It’s Friday afternoon at Agape Family Barber Shop and Reginald Johnson and his daughter, Valincia Johnson, are busy with a steady stream of clients, laughter erupting periodically as they banter about topics spanning from Instagram profiles and sporting events to long-awaited vacations and job changes.

"It's like 'Cheers' in here," Reginald Johnson says. "Everybody knows your name. Everybody knows your face. That's what I want — everybody to come in and have a good time." 

Amid gentrification that is transforming the East Austin landscape and shrinking its number of family-owned businesses, Agape Family Barber Shop is holding steady thanks to its loyal base of customers, who come seeking a good, affordable cut or style and stay because it’s a place that makes them feel at home.

Becoming Agape

Reginald Johnson started cutting hair in his garage in East Austin as a teenager. Before long, a family friend noticed his talent and offered to pay for him to get his barber license if he would work in her shop.

"I've always enjoyed hair," says the 48-year-old. "I didn't realize I could actually make a career out of it."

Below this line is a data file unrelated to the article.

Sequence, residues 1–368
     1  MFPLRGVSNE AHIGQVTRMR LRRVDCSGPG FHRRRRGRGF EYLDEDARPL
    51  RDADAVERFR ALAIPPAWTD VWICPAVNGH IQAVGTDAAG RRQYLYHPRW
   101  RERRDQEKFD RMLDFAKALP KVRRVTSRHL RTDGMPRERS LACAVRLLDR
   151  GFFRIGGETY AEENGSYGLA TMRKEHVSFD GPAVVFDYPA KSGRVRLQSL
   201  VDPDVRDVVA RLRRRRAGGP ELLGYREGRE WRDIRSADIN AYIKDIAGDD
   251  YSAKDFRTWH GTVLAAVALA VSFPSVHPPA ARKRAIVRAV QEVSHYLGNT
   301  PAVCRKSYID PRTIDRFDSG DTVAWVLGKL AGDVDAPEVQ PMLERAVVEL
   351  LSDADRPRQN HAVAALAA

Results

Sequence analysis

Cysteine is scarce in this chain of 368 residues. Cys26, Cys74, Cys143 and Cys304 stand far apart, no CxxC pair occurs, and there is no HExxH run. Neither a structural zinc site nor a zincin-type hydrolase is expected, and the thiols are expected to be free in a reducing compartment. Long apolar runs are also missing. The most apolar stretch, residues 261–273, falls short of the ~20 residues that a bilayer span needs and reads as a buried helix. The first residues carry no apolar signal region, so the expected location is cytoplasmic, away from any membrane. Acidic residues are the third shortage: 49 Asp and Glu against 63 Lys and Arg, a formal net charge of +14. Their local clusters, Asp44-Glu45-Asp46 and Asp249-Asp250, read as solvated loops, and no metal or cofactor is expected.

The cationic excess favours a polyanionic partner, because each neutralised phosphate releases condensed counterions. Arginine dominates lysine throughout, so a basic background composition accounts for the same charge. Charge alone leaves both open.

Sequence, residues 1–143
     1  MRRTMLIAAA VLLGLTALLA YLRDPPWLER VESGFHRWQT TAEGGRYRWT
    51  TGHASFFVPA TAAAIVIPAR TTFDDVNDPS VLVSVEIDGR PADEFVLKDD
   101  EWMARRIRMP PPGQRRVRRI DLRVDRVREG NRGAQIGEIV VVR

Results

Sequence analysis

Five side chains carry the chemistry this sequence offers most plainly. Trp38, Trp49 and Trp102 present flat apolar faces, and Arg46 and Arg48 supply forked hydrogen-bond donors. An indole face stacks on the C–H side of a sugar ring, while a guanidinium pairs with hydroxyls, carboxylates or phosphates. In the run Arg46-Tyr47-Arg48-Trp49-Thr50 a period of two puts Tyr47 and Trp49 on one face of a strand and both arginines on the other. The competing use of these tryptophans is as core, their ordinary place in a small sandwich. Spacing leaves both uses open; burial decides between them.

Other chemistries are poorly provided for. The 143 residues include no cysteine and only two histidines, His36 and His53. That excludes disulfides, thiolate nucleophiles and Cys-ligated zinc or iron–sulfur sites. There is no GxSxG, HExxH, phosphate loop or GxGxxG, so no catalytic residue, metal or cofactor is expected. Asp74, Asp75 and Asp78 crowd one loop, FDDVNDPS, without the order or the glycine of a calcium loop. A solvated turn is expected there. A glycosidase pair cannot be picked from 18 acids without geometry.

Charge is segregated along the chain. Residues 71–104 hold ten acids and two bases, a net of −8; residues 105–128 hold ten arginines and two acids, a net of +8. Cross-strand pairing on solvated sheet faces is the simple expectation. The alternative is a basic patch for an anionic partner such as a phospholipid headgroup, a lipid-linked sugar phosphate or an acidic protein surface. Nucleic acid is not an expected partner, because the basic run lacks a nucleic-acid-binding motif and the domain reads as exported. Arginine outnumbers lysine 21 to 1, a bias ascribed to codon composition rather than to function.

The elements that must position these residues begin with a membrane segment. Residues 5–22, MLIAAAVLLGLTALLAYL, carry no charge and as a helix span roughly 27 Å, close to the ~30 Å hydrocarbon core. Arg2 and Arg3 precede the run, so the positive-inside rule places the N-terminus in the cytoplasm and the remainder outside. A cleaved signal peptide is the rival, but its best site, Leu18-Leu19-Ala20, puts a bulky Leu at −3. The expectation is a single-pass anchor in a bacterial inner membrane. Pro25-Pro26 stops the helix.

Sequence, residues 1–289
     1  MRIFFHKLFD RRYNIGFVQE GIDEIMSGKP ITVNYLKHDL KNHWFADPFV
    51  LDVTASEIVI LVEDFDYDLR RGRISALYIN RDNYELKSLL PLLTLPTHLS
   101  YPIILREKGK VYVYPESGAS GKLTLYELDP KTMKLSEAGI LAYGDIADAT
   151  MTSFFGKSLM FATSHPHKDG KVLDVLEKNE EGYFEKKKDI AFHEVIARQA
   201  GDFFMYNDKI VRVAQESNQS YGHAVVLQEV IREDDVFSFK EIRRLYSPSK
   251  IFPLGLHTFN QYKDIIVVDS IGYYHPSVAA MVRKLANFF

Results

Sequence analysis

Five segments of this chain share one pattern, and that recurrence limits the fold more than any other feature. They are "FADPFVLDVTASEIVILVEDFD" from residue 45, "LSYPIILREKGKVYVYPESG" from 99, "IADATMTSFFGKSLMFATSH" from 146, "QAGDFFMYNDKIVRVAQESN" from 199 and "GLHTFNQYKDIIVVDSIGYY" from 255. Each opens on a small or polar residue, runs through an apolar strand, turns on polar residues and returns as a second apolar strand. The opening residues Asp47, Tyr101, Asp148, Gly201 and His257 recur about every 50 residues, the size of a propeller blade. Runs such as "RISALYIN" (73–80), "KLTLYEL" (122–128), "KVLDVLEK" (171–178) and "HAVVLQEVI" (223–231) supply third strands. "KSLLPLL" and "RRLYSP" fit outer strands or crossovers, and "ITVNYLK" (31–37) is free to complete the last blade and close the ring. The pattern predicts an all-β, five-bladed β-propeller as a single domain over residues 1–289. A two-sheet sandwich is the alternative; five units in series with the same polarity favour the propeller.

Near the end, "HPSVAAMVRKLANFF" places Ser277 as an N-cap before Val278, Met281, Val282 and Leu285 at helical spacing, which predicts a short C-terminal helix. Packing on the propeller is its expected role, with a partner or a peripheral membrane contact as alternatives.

After working for her for several years and obtaining his license, he decided in 2001 to open his own shop, which at the time was at MLK Boulevard and Chicon Street, near where the popular Sour Duck Market now stands.

"I was so used to being at an established barbershop," he says. "Now, I had to make my own way. It was kind of like leaving the nest from your parents' home."

While some of his regular clients decided to stay at the old shop, others joined him at his new place. He said coming up with the name — Agape Family Barber Shop — was easy.

"Agape means 'God's unconditional love,'" Reginald Johnson says. "We're all family, and if you come into the shop, we treat you like family."

Family affair

For Valincia Johnson, 29, working at Agape Family Barber Shop truly is a family affair — owner Reginald Jonhson is her dad.

But while she has always shared her father's talent for hair, her path to the barber's chair was less straightforward.

"I totally didn't know this was the way my life was going to go," she says.